Among the critical problems that were pushed aside by the “fiscal cliff” negotiations between President Obama and Congressional Republicans, none are more pressing – or more intertwined– than the criminally high rate of unemployment still plaguing the country and the massive debt overhang faced by underwater homeowners.
While President Obama, the House Republicans and billionaire-financed conservative pundits, economists and “think” tanks shriek about unsustainable debt and deficits, official unemployment languishes at 7.8% percent, while millions of Americans are struggling with underwater mortgages and many are facing foreclosure. We confront this perverse set of priorities despite the fact that, as Robert Pollin has repeatedly pointed out, U.S. government interest payments on public debt as a share of federal outlays is at an extremely low level of 7.7%, about half the level as when Ronald Reagan was President.
The failure by the Obama administration and the Congress to confront the housing mortgage crisis is extremely damaging to people, communities and to our prospects for economic recovery. The basic facts are stark : more than 4 million homeowners have lost their homes since the financial crisis began; as many as 3.5 million Americans are in the foreclosure process or soon will be; at least 13.5 million homeowners are “underwater,” that is, they owe more on their homes than their homes are currently worth. All told, the amount of underwater mortgage debt could total as much as $1.2 trillion and total losses could be as much as $7 trillion.
The collateral damage of this mortgage debt overhang is substantial. According to the Center for Responsible Lending, almost $2 trillion in property values will be lost by residents who live in close proximity to foreclosures. These spillover costs are affecting all Americans, but are especially hitting communities of color: minority neighborhoods will suffer about half of these losses while making up far less than half the nation’s population. In any case, the typical family living near foreclosures has lost 7% of its home value as a result of foreclosures. Economists are increasingly convinced that these types of losses are having a highly damaging effect on our economy, and serve as a serious blockage to getting out of the recession.
What should be done about this mortgage crisis? The Obama administration has been moving extremely tentatively, and its policies have helped very few homeowners. Timid policy, fear of upsetting the bankers and obstructionism from the head of the Federal Housing Financing Agency Ed DeMarco have all combined to leave underwater homeowners drowning.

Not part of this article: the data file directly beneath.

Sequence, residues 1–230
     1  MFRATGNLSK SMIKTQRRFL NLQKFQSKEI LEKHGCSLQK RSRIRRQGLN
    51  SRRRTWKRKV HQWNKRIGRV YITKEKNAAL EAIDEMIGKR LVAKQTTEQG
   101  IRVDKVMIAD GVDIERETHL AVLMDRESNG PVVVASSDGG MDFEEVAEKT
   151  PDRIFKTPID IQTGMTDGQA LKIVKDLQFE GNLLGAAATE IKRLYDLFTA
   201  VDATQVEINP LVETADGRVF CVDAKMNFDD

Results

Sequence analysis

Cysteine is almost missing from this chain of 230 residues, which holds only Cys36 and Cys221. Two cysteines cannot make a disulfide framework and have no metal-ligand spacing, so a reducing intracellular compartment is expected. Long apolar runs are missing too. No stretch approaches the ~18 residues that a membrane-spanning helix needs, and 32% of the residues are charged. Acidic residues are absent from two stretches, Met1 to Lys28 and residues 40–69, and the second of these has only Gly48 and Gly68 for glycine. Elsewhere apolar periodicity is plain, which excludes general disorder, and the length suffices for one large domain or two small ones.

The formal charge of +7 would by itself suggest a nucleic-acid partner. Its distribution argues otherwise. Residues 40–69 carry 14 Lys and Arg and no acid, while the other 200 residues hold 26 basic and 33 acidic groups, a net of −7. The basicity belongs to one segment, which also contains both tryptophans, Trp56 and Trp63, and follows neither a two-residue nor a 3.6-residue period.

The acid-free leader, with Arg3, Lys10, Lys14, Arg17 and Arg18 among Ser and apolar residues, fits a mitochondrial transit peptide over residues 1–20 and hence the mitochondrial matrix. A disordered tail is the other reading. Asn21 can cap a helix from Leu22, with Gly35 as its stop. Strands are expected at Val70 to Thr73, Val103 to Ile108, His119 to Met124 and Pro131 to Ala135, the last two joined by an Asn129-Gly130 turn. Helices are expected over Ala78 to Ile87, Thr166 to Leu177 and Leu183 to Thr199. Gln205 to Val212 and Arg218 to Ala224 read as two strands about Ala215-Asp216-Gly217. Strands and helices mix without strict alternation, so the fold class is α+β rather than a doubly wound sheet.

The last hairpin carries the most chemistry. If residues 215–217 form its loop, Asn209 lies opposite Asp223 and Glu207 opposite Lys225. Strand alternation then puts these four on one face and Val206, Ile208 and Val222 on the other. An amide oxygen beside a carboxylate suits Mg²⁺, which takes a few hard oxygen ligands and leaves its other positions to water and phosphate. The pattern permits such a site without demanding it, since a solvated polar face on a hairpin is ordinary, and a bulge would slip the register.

But there is a plan out there that could go a long way toward helping. Senator Jeff Merkley of Oregon has developed a plan called the Rebuilding Home Ownership plan, based on the depression era Home Owners Loan Corporation (HOLC), that would help owners who are underwater, but current on their mortgages, get out from underneath their suffocating debt. To accomplish this, the U.S. government would set up a Rebuilding American Homeownership Trust (RAH) that would buy mortgages that meet basic standards. Homeowners would have three options: a 15-year 4% mortgage, a 30-year 5% mortgage and a third option that would allow 5% of the mortgage be interest-free for five years. For homeowners that are very far underwater, the banks would have to write down part of the loan.
The trust would be solvent by being able to borrow federal funds at a rate 2% lower than the interest rate it would offer homeowners.
Now this is not a perfect plan. It would do nothing for the 5.6 million homeowners who are currently delinquent. And its interest rates are still very high.
It could be improved, for example, if the Federal Reserve were to buy the bonds of the Trust and lower the interest rate the Trust paid to the Fed even further. Then the Trust could pass these savings on to the homeowners. But clearly it is a start and shows the way to the key solution to the debt overhang problem: much of the debt must simply be forgiven as Robert Pollin says on this Econ4 video.
All of this also shows that Jon Stewart was absolutely right four years ago just as the crisis was breaking in the fall of 2008. Congress had just passed the $700 billion bailout. And, as Stewart explained on October 16, 2008: “Why not take that 700 billion dollars and give it directly to people? Why are we giving it to the banks that created this issue?…Why not just go out there with a bag — maybe a fat man in a red suit and a beard — and just hand people this money for them…they didn’t do anything wrong.”
With the hindsight of four years, it seems clear that we probably wouldn’t still be in this mess if we had followed Stewart’s sage advice.